In extra ringing at the same place, 258 birds were ringed including the mentioned amounts of Water Rails (16) and Spotted Crakes (7), 1 Moorhen (Gallinula chloropus), 2 Coots (Fulica atra), 9 Mallards (Anas platyrhynchos), 2 Little Grebes (Tachybaptus ruficollus), 12 Sparrowhawks (Accipiter nisus), 2 Common Kestrels (Falco tinnunculus), 2 Short-eared Owls (Asio flammeus), 2 Common Snipes (Gallinago gallinago), 2 Green Sandpipers (Tringa ochropus), 1 Wood Sandpiper (Tringa glareola), 1 Skyark (Alauda arvensis), 25 Meadow Pipits (Anthus pratensis) and 9 Rock Pipits (Anthus petrosus).

The "Flommen combo"! Picture by Harald Ris.
Ringers that worked on the reedbed with me were, listed by arrival date: Timmy Micallef, Per Andell, Ingela Källén, Emil Lundahl, Alex Zackrisson, Tore Dahlberg and Harald Ris. And, of course, big TACK to the rest of the Falsterbo Bird Observatory crew for another great season!

Wednesday, July 19, 2017

Lapland 2017

This summer I had an extraordinary opportunity to join some Finnish friends to a ringing trip around Lapland. I'm very very grateful to Roni, Jarkko, Petteri and Vilppu for such a nice experience!!!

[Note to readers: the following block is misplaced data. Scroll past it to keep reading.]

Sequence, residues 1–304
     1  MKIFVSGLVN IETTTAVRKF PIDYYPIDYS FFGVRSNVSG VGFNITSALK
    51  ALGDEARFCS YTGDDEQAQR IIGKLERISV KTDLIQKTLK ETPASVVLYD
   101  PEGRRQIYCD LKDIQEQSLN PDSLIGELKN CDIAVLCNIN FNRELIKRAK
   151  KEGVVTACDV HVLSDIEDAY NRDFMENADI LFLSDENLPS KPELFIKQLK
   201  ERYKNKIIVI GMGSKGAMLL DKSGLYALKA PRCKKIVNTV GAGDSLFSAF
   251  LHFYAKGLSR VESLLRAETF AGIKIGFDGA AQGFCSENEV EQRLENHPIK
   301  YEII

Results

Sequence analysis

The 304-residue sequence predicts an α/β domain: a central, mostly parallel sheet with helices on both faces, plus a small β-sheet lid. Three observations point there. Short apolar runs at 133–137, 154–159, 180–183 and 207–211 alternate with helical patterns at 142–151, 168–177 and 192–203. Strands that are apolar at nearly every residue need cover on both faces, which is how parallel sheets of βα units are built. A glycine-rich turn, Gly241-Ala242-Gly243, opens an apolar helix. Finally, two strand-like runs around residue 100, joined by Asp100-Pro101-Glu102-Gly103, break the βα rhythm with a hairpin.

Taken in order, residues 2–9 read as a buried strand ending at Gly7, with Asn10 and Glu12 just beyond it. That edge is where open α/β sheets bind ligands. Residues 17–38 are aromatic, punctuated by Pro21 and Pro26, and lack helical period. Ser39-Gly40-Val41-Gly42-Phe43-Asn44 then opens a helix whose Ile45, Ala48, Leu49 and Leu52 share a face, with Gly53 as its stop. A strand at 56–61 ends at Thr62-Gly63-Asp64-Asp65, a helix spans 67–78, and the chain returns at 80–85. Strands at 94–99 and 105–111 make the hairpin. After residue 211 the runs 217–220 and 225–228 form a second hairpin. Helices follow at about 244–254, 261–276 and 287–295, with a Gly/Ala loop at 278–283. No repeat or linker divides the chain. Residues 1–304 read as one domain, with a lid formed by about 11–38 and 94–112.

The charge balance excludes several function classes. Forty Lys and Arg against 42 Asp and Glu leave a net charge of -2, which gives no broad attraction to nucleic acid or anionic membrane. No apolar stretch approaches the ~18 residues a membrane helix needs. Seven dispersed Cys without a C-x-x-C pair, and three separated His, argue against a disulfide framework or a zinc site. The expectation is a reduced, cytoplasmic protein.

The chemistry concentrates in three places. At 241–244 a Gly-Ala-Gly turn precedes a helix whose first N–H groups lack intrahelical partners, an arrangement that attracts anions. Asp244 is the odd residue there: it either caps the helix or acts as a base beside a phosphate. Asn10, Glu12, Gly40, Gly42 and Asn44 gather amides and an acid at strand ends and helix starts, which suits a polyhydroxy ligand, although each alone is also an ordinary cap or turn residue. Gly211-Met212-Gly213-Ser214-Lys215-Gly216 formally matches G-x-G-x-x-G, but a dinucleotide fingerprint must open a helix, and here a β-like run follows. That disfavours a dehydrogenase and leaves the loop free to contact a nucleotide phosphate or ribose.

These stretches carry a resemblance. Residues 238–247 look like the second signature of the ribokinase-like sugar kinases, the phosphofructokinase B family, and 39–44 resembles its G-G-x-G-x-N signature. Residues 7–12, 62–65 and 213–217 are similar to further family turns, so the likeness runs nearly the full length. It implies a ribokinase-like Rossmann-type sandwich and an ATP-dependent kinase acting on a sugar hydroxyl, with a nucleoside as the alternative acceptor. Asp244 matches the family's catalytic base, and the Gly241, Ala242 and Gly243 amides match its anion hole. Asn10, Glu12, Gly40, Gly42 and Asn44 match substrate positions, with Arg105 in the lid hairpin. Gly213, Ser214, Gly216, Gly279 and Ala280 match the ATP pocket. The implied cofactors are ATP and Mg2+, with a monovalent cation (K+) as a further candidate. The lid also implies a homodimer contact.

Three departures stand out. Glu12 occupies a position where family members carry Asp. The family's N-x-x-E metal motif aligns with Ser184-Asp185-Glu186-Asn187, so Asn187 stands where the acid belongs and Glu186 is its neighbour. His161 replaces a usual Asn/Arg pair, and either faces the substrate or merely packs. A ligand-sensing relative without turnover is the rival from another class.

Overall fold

Midnight Sun!
We travelled from the central part of Finland to the northern part, close to the borders of Norway and Sweden. On the way north, we stopped in several places, that complemented very very well the trip I had last year to Finland and Norway. And most importantly, we had a lot of nice birds!!

Visiting old-growth spruce forests was a very magical experience, especially when watching closely some of their nicest inhabitants, such as the Bluetails (Tarsiger cyanurus) or Three-toed Woodpeckers (Picoides tridactylus).

Orange-flanked Bluetail (Tarsiger cyanurus) on its habitat.
2cy (EURING 5) male.
The same bird singing after ringing.
Three-toed Woodpecker (Picoides tridactylus).
Typical Three-toed markings.
Owls and Grouses vary in abundance within years due to population dynamics. For instance, it is well-known that the amount of prey available for owls (mainly rodents) influences to the breeding success and therefore to the abundance of several predator species. In my trip last year, we saw several Hawk Owls (Surnia ulula) since it was a very good year for the species, but not for other owls, and we saw no Black Grouses (Lyrurus tetrix) or even no Willow Grouses (Lagopus lagopus). This year the situation seemed a bit better for Grouses, but it was still not very good for Owls and especially bad for breeding Hawk Owls. Anyway, just in the beginning of the trip, we had a great observation of a Great Grey Owl (Strix nebulosa) perched by the road that I will never forget...